Black Lives Matter’s Mckesson: Activist or ‘actorvist?’

Baltimore mayoral candidate DeRay Mckesson chats with campaign volunteers before canvassing in Baltimore last year.
Baltimore mayoral candidate DeRay Mckesson chats with campaign volunteers before canvassing in Baltimore last year. AP

In this week’s episode of Majority Minority, Black Lives Matter activist DeRay Mckesson discusses the future of the movement and criticism that he’s more of an "actorvist" than grassroots activist.

"Everybody has a role to play, and I’m trying to figure out what my role is," Mckesson said on the McClatchy podcast about the people of color changing Washington and politics.

"I don’t think you need to be a member of an organization to make an impact, I don’t think you need to have a chapter or something to have an impact. The Internet has opened up a new type of organizing, and I’m trying to figure it out,” he said.

Mckesson first gained a platform in 2014 when he traveled to Ferguson, Mo., to join the protests spurred by the killing of teenager Michael Brown by police.

Mckesson gained a following through his deft use of social media and a newsletter that chronicled what was happening on the ground in Ferguson. He became a go-to interview for cable news networks.

The attention raised the blue vest-wearing Baltimore native’s profile among Black Lives Matter activists.

With 1.1 million Twitter followers, Mckesson has become a sought-after speaker, hosts the "Pod Save the People" podcast, and talks with politically powerful people such as Hillary Clinton and Bernie Sanders and entertainers such as Katy Perry.

But his profile has also raised questions among some activists about whether his involvement in social justice causes is sincere or a publicity binge. Some have disparaged him as an "actorvist," someone pretending to be an activist.

"I understand the critiques and people who feel any type of way about me — whether kindly or unkindly," he told Majority Minority co-hosts Franco Ordonez and William Douglas. "When I ran for mayor people were probably meaner to me than anything I’ve ever done in my life. So I get that part of it, but when I think about how I process it, I know I’m one of many people, and I try to use this platform for good."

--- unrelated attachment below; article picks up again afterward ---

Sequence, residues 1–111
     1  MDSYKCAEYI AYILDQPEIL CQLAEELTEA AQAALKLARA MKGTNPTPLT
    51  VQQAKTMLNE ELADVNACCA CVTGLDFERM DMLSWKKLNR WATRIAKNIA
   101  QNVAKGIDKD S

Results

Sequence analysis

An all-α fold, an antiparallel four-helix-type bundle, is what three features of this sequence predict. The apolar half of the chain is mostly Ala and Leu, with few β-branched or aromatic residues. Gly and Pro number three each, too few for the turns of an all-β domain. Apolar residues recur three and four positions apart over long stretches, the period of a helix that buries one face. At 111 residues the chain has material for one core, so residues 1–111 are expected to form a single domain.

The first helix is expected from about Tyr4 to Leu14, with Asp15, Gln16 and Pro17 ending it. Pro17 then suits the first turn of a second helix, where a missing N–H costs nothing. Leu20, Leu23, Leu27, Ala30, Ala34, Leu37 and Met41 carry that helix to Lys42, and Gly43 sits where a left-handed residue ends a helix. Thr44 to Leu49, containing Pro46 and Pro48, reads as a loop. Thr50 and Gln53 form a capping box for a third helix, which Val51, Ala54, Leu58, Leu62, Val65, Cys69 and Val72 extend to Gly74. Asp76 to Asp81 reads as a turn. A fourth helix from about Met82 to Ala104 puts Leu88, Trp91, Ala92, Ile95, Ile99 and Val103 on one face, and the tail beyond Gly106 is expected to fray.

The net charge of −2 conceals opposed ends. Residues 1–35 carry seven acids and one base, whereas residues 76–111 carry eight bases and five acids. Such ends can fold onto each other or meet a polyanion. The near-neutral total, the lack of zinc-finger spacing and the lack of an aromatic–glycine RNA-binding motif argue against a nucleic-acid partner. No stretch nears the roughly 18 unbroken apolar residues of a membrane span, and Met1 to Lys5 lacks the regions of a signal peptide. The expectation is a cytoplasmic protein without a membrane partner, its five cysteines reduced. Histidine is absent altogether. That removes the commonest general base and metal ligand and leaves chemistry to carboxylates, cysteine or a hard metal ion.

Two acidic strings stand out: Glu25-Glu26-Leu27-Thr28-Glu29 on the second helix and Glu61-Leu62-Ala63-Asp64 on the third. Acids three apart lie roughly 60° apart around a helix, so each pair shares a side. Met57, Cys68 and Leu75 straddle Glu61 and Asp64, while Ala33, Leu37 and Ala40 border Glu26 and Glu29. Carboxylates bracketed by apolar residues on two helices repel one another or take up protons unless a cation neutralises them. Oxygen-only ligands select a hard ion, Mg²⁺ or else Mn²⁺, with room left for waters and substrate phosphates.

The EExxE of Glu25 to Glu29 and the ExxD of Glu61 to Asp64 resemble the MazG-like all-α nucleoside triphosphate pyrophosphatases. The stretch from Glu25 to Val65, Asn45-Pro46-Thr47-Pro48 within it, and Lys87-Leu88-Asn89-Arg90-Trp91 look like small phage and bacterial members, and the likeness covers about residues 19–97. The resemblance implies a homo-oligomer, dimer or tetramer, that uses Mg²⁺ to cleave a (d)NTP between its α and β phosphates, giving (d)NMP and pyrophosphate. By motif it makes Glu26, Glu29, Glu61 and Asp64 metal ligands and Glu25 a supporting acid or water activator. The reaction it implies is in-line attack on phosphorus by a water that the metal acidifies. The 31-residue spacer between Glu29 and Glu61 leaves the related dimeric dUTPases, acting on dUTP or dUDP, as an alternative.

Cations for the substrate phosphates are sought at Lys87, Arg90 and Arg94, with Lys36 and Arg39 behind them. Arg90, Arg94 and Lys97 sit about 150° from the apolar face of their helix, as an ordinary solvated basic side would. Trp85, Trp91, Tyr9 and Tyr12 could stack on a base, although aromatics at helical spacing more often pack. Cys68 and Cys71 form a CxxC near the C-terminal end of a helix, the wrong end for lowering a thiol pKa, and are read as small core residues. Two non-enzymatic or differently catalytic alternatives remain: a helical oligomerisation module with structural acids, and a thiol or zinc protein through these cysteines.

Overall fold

He has taken a different path from some other Black Lives Matter activists by gravitating toward the political structure. He endorsed Clinton for president and unsuccessfully ran for mayor of Baltimore last year, a move that stirred some controversy. He finished sixth in the Democratic primary with 2 percent of the vote.

"I did a fundraiser in New York City and it was literally a BuzzFeed story, like ‘DeRay Caters to Rich Elite,’" he said. "I also got people really upset that I sort of came out of nowhere, right? And that’s interesting because now, when people run for office, it’s like a good thing that you’re not beholden to the establishment. But then it was, like, I didn’t do a tour of the city’s leaders and ask for their permission."

Mckesson believes that Black Lives Matter has "changed the conversation about race and justice undeniably" but noted that more needs to be done because "there are more people that want to do good than there’s an infrastructure to absorb their energy."

"When I think of what comes next it’s like, ‘How do we get people concrete wins across the country?’" he asked. "Withstanding (Donald) Trump is, like, obviously part of it, but what does it look like to (get rid of mass incarceration), make your school system equitable and just?

“I think those things are possible in a way they have not been possible before. And the question is, can we put together a plan that can do it, can we create space where everybody has a role to play? I think that’s what comes next."

On the anniversary of Michael Brown’s death, three prominent Black Twitter activists read their tweets from the past year and reflect on the challenges and legacy of the Black Lives Matter movement.

William Douglas: 202-383-6026, @williamgdouglas

Franco Ordoñez: 202-383-6155, @francoordonez